“The enthusiasm of the entrants, the people bringing their entry forms, they are so enthusiastic it’s unbelievable,” he said. “They are so thrilled that it’s happening, that we’re doing it because they’ve been waiting for years for legalization and now, they finally got it and now they have a chance to show what they can do.”
James, who has entered his prized Dahlia flowers at past fairs, said the addition of the cannabis category has exceeded expectations with the 18 entries.
Dirk Meissner, The Canadian Press
School board defends book pictured on principal’s desk after online uproar
A Toronto-area Catholic school board says an online firestorm that erupted after a book on how to teach black students was photographed on a principal’s desk stems from a misunderstanding over the book’s contents.
The Dufferin-Peel Catholic District School Board says the book, titled “The Guide for White Women Who Teach Black Boys,” has a provocative title but is actually a helpful resource on tackling racial and cultural oppression in education.
Michelle Coutinho, the board’s principal of equity and inclusive education, says such materials are a particularly useful reference given how diverse the student population is in the district and at that specific school.
The controversy emerged this week after a Brampton, Ont., high school, Cardinal Ambrozic Catholic Secondary School, posted a photo of its new principal on Twitter.
The photo, which shows the book on her desk, set off heated debate, with some suggesting it was a sign of racism or incompetence, or a prop meant to bolster the school’s image.
The image was also shared on instagram by 6ixBuzzTV, a popular account with roughly 1.2 million followers.
“LOOOOL. No principal should make it this far while subsequently needing a book like this,” one person wrote on Twitter. “She a bad principal,” wrote another.
Some defended the book, however, and the principal’s efforts to educate herself. “She’s making an effort to connect with her students, it’s more than most principals do,” another tweet read.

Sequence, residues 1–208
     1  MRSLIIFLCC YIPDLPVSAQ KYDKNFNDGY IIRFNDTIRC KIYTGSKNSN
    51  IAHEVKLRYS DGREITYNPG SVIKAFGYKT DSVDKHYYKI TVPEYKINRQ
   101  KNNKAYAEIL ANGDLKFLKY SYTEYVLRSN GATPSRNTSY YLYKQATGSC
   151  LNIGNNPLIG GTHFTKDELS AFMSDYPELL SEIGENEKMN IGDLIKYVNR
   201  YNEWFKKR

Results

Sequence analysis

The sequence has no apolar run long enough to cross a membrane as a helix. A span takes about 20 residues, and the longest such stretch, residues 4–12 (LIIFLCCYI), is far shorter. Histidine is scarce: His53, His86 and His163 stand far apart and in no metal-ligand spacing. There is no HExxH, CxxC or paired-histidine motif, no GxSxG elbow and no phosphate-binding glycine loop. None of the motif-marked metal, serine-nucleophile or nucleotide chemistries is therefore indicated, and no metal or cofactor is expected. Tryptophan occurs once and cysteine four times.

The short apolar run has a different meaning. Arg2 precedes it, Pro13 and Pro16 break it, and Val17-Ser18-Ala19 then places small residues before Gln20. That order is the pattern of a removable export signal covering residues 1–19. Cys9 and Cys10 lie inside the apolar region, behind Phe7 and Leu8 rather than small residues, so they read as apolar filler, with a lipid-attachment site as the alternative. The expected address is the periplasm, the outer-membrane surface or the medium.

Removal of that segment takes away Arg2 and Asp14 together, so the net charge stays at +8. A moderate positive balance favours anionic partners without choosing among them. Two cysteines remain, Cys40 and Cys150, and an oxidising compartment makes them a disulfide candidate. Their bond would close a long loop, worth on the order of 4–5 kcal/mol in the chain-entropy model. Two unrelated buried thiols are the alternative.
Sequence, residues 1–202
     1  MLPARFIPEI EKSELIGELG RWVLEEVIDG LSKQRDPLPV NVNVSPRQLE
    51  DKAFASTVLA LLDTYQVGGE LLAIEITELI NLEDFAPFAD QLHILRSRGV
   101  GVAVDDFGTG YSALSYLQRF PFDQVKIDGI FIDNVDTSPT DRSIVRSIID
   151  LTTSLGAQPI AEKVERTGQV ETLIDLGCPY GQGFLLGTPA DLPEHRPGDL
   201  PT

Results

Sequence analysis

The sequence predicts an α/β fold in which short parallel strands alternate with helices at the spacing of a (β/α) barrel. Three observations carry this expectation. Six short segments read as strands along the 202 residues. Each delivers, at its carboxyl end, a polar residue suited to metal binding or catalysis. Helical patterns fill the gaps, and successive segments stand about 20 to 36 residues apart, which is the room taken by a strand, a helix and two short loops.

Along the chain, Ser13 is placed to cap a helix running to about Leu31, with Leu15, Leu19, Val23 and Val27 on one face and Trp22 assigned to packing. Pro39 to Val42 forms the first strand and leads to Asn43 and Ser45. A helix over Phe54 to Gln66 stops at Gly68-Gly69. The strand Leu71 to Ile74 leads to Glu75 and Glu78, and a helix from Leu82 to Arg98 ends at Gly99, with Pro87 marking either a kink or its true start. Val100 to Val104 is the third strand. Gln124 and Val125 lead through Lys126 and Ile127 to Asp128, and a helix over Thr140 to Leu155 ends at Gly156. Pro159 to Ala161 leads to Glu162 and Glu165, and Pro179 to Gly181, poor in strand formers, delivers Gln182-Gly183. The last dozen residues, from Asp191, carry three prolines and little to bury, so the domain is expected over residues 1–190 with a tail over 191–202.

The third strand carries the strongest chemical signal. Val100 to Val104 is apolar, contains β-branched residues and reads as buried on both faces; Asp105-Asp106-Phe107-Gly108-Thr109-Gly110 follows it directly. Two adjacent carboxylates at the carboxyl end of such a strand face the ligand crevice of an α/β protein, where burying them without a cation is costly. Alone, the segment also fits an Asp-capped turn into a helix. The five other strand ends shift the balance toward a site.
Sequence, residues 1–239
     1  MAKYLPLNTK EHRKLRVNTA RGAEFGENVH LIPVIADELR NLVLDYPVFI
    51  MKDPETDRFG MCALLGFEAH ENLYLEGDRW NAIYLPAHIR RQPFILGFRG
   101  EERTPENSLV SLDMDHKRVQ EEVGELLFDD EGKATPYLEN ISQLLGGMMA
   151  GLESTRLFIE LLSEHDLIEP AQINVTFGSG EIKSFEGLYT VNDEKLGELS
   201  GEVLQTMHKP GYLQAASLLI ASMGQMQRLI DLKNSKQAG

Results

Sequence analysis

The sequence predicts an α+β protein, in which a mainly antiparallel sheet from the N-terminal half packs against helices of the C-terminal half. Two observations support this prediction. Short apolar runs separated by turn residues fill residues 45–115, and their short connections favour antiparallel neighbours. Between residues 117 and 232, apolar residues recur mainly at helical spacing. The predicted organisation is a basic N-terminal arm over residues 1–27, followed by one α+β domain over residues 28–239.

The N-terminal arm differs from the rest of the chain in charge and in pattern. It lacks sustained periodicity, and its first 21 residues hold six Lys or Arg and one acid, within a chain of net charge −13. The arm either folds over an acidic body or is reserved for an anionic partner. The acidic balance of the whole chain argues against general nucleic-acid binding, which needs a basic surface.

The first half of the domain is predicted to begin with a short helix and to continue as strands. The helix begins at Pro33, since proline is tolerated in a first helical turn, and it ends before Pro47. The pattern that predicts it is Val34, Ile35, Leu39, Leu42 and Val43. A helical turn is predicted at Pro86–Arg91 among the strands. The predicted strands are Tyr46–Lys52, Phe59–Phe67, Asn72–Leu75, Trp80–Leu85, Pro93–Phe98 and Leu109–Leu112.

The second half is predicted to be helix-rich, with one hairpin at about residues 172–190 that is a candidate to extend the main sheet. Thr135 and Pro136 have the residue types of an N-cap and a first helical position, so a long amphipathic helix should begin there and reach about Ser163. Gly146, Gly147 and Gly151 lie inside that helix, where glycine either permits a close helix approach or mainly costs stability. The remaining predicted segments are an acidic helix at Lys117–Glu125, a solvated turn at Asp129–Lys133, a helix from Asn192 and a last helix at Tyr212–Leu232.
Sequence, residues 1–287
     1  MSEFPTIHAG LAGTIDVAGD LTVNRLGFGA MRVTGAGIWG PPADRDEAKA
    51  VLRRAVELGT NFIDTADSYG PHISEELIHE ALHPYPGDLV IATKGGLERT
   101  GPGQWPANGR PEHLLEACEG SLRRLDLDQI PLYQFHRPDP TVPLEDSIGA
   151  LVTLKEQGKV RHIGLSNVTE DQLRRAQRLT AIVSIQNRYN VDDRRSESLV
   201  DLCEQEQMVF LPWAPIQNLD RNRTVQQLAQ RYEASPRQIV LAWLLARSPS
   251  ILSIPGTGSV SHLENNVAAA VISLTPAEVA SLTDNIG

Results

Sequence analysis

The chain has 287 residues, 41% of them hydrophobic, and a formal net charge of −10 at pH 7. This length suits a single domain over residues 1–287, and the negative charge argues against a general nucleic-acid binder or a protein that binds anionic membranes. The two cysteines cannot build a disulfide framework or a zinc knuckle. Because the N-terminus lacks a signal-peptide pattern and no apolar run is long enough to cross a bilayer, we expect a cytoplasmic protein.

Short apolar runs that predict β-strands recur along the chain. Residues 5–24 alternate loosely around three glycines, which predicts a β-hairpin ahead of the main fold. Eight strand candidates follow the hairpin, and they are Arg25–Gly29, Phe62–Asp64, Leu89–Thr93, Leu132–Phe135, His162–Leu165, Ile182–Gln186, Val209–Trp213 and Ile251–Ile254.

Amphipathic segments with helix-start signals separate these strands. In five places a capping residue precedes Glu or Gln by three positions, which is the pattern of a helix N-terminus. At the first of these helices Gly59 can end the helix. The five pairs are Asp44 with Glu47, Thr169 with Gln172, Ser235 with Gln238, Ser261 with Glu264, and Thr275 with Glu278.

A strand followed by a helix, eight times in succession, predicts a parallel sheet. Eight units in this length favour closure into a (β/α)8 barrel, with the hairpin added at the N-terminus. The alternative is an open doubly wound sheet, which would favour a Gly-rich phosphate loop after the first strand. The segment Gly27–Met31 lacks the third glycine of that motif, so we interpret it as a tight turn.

The board said it was surprised by the uproar and hoped people would look up the book before jumping to conclusions based on its title.
The principal intends to address the photo in a public announcement and invite any students with lingering questions to see her, said Bruce Campbell, the board’s spokesman.
The book, written by three researchers and published in 2017, aims to improve outcomes for black students by helping teachers create learning environments in which they feel nurtured and engaged. The title references the fact that white women make up the bulk of the teaching force in the U.S.
Coutinho said the book asks educators to challenge the biases they may bring into the classroom.
“We know that we’re steeped in a colonized kind of world view and how do we break out of that in our everyday practices?” she said, noting it has been used in the board’s anti-oppression training in the past.
Cardinal Ambrozic’s new principal was involved in a book study at several schools that delved deeply into the text last year, Coutinho said.
“If we’re going to make any changes to the education system, we have to start talking about these things and talking about them openly and honestly without shame or blame.”
Paola Loriggio, The Canadian Press